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For example, if you scored very low in extraversion, you can expect that highly social work, such as networking or fundraising, may be stressful. It also helps to talk to entrepreneurs in your industry about what the biggest stressors are. For instance, in software service companies targeting the enterprise business, the biggest stressor could be the uncertainty of very long sales cycles. If you are a founder in this space, you need to think about how comfortable you are with uncertainty.
Hire people who complement your personality traits. Leaders tend to choose and hire employees who have the same personalities that they do. But founders should do the opposite: Get a business partner or cofounder who has the personality traits you’re missing. That way, they can fill in your weak spots and enjoy the work that you may find stressful. This frees up your time to do the things you actually enjoy. For example, if you scored very low in openness to experience, you may not be intrinsically interested in creative work — even though you could do it if you wanted to. Find someone who is invigorated by imaginative work. Have them take lead on creative projects. You’ll have more time to do work that energizes rather than drains you.
Create a “restorative niche” to reduce stress. Founders can’t always avoid the work they don’t like. Despite their best efforts, some founders will find themselves required to do work that severely clashes with their personality. Founders in the early stages of their startup will find themselves networking day and night, for instance, even if they don’t enjoy socializing with people. Psychologists recommend creating a “restorative niche,” a distinct place and time where someone can destress and revert back to their true self. For example, introverted founders can unwind from their networking activities and combat stress by scheduling daily “quiet time,” during which they can indulge in complete silence and isolation. Niches can help founders reenergize and restore psychological balance before it becomes too difficult to manage.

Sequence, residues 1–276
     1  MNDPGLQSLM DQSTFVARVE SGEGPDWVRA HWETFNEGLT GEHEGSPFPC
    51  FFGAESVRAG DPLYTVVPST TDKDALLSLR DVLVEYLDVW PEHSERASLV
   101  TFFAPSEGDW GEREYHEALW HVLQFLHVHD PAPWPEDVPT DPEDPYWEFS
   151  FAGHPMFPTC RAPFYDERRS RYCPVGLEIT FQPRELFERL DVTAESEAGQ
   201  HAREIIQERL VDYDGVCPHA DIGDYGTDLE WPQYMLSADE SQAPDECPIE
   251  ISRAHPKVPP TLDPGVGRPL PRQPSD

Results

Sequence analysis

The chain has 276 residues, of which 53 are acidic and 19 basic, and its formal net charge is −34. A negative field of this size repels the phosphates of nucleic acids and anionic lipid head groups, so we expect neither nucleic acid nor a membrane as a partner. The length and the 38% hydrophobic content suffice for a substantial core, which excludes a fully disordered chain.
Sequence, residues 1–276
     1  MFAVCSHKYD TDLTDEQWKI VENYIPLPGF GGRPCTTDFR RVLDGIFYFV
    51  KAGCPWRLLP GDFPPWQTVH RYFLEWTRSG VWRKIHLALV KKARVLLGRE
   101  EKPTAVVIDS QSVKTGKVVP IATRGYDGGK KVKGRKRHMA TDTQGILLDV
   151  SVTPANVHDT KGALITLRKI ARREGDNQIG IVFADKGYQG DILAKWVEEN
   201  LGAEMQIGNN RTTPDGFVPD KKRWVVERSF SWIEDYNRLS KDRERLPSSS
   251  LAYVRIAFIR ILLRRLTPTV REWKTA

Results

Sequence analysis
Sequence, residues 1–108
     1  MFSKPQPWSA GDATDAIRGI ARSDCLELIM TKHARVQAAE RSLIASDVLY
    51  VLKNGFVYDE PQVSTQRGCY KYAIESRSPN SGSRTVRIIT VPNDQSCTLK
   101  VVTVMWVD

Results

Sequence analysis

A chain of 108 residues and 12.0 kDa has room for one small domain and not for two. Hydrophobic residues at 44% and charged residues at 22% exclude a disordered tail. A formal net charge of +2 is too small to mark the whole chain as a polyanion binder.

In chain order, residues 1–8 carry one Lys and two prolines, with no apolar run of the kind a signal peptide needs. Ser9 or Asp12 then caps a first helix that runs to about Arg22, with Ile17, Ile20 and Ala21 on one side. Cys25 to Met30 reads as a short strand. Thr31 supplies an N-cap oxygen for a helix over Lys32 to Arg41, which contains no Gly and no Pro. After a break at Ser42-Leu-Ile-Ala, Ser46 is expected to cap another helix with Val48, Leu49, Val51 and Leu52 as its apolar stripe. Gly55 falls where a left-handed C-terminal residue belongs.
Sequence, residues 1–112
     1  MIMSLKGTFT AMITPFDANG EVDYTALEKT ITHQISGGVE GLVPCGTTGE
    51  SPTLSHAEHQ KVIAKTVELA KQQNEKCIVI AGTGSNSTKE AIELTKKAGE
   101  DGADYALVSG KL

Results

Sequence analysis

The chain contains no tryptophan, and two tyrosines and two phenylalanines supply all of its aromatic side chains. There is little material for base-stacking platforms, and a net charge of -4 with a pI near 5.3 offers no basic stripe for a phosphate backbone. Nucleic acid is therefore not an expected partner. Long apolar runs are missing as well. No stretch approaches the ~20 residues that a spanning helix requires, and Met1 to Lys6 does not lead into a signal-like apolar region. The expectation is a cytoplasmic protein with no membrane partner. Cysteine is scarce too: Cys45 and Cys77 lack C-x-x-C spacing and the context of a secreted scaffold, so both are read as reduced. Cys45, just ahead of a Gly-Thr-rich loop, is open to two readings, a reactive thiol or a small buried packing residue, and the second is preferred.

Know the telltale signs of depression. There are many symptoms of depression. Apart from feelings of sadness, depression can take the form of a significant loss of pleasure or interest in the things you used to enjoy doing. Other signs include a sudden increase (or decrease) in sleep, weight, appetite, or energy, as well as increased feelings of worthlessness, guilt, or self-blame.
Founders should become familiar with these symptoms so that they can recognize when they’re experiencing these symptoms and seek out the professional help they need. They can also enlist the help of a trusted friend or family member to help them recognize these symptoms, especially since founders overwhelmed by work can sometimes miss the early warning signs.
Just because you don’t have the personality to be an entrepreneur doesn’t mean you can’t found your own company. But it does mean you must be aware of mental health risks and manage your personality and surroundings accordingly. By following the tips above, you can take one step closer to becoming a happier, more satisfied founder.